Learn More
Hickory and Madrona schools in Torrance, California for their assistance. We are also grateful to Rizwati Freeman and Rebecca Custodio for assistance in collecting data and to Elisabeth Wykoff for assistance in data analysis. We thank Ann Castles for supplying the raw data from Castles and Coltheart's (1993) study and Max Coltheart, Maggie Bruck, and(More)
We evaluated signal-noise discrimination in children with and without dyslexia, using magnocellular and parvocellular visual stimuli presented either with or without high noise. Dyslexic children had elevated contrast thresholds when stimuli of either type were presented in high noise, but performed as well as non-dyslexic children when either type was(More)
We investigated the relationship between dyslexia and three aspects of language: speech perception, phonology, and morphology. Reading and language tasks were administered to dyslexics aged 8-9 years and to two normal reader groups (age-matched and reading-level matched). Three dyslexic groups were identified: phonological dyslexics (PD), developmentally(More)
This study examined whether there are different subtypes of developmental dyslexia. The subjects were 51 dyslexic children (reading below the 30th percentile in isolated word recognition), 51 age-matched normal readers, and 27 younger normal readers who scored in the same range as the dyslexics on word recognition. Using methods developed by Castles and(More)
Phonological awareness and phoneme identification tasks were administered to dyslexic children and both chronological age (CA) and reading-level (RL) comparison groups. Dyslexic children showed less sharply defined categorical perception of a bath-path continuum varying voice onset time when compared to the CA but not the RL group. The dyslexic children(More)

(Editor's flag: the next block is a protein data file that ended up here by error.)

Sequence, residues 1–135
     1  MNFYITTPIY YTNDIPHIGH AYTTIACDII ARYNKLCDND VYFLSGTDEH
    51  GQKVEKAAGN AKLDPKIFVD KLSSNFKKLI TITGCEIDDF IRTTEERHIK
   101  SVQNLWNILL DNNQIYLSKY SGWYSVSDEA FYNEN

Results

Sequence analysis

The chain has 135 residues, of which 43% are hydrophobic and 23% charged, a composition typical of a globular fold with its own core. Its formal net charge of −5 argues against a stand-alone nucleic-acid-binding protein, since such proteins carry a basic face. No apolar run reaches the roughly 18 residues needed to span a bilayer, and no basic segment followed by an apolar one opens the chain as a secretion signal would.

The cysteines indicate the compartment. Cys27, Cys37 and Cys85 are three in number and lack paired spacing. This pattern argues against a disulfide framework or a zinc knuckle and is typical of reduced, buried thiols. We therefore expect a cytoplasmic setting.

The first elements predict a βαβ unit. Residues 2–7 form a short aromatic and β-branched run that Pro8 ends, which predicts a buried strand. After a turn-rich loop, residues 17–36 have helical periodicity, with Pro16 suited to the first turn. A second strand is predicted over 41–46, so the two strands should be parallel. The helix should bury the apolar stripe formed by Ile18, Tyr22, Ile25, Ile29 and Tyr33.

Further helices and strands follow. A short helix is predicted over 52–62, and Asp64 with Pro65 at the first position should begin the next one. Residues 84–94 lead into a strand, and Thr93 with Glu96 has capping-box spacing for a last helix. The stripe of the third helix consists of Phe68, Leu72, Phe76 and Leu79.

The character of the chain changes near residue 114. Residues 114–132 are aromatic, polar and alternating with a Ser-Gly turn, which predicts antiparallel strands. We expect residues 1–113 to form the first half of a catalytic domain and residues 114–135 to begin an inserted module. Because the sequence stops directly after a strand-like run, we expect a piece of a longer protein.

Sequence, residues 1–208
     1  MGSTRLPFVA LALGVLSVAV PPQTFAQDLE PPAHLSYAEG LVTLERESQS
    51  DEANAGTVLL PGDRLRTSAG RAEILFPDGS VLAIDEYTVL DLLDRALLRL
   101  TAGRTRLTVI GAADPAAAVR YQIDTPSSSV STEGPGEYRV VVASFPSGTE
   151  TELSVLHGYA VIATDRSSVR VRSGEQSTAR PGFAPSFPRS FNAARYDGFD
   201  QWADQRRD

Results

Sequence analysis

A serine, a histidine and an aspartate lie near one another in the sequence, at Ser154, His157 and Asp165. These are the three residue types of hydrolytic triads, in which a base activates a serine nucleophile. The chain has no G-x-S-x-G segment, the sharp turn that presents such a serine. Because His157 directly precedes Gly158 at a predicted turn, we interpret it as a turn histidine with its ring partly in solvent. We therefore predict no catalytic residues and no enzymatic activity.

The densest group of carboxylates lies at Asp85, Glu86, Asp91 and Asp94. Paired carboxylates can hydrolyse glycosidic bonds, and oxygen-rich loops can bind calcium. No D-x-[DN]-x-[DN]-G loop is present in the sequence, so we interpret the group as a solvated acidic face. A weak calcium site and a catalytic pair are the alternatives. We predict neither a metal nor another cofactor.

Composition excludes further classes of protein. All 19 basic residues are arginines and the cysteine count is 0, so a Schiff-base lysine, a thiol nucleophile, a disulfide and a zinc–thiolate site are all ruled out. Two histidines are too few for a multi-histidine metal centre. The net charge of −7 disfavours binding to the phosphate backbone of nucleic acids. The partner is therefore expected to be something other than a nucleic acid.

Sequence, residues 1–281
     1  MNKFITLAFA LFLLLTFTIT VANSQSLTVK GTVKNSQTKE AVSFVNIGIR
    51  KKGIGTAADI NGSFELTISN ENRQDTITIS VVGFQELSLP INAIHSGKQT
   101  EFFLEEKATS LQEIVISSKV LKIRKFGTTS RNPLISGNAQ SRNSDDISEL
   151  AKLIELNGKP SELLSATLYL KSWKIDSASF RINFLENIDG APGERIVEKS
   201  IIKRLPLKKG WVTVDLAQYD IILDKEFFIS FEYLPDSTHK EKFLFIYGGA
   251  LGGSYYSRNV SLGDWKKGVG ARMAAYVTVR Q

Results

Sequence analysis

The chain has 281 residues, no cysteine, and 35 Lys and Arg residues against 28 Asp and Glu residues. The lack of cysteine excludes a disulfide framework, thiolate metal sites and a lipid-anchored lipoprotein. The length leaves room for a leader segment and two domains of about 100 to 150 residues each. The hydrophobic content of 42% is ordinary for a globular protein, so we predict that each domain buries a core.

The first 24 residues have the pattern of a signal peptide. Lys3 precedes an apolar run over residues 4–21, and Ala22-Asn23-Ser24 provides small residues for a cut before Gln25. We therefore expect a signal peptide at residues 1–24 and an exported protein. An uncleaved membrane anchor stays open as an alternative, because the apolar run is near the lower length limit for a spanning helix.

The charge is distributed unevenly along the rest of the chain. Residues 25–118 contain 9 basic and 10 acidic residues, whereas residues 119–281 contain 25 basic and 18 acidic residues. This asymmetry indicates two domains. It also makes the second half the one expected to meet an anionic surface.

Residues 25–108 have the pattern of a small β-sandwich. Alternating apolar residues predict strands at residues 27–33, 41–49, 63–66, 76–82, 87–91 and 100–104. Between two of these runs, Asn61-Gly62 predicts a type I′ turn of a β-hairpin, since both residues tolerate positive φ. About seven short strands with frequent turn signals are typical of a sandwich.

We tested the hypothesis that deficits on sensory-processing tasks frequently associated with poor reading and dyslexia are the result of impairments in external-noise exclusion, rather than motion perception or magnocellular processing. We compared the motion-direction discrimination thresholds of adults and children with good or poor reading performance,(More)
Concurrent relationships among measures of naming speed, phonological awareness, orthographic skill, and other reading subskills were explored in a representative sample of second graders. Hierarchical regression analyses revealed that naming speed, as measured by the the rapid automatized naming (RAN) task, accounted for a sizable amount of unique variance(More)
Developmental dyslexia is a common reading disorder that negatively impacts an individual's ability to achieve literacy. Although the brain network involved in reading and its dysfunction in dyslexia has been well studied, it is unknown whether dyslexia is caused by structural abnormalities in the reading network itself or in the lower-level networks that(More)
A word-learning task was used to investigate variation among developmental dyslexics classified as phonological and surface dyslexics. Dyslexic children and chronological age (CA)- and reading level (RL)-matched normal readers were taught to pronounce novel nonsense words such as veep. Words were assigned either a regular (e.g., "veep") or an irregular(More)
We investigated the relationship between reading and explicit and implicit categorical learning by comparing university students with poor reading to students with normal reading abilities on two categorical learning tasks. One categorical learning task involved sorting simple geometric shapes into two groups according to a unidimensional rule. The sorting(More)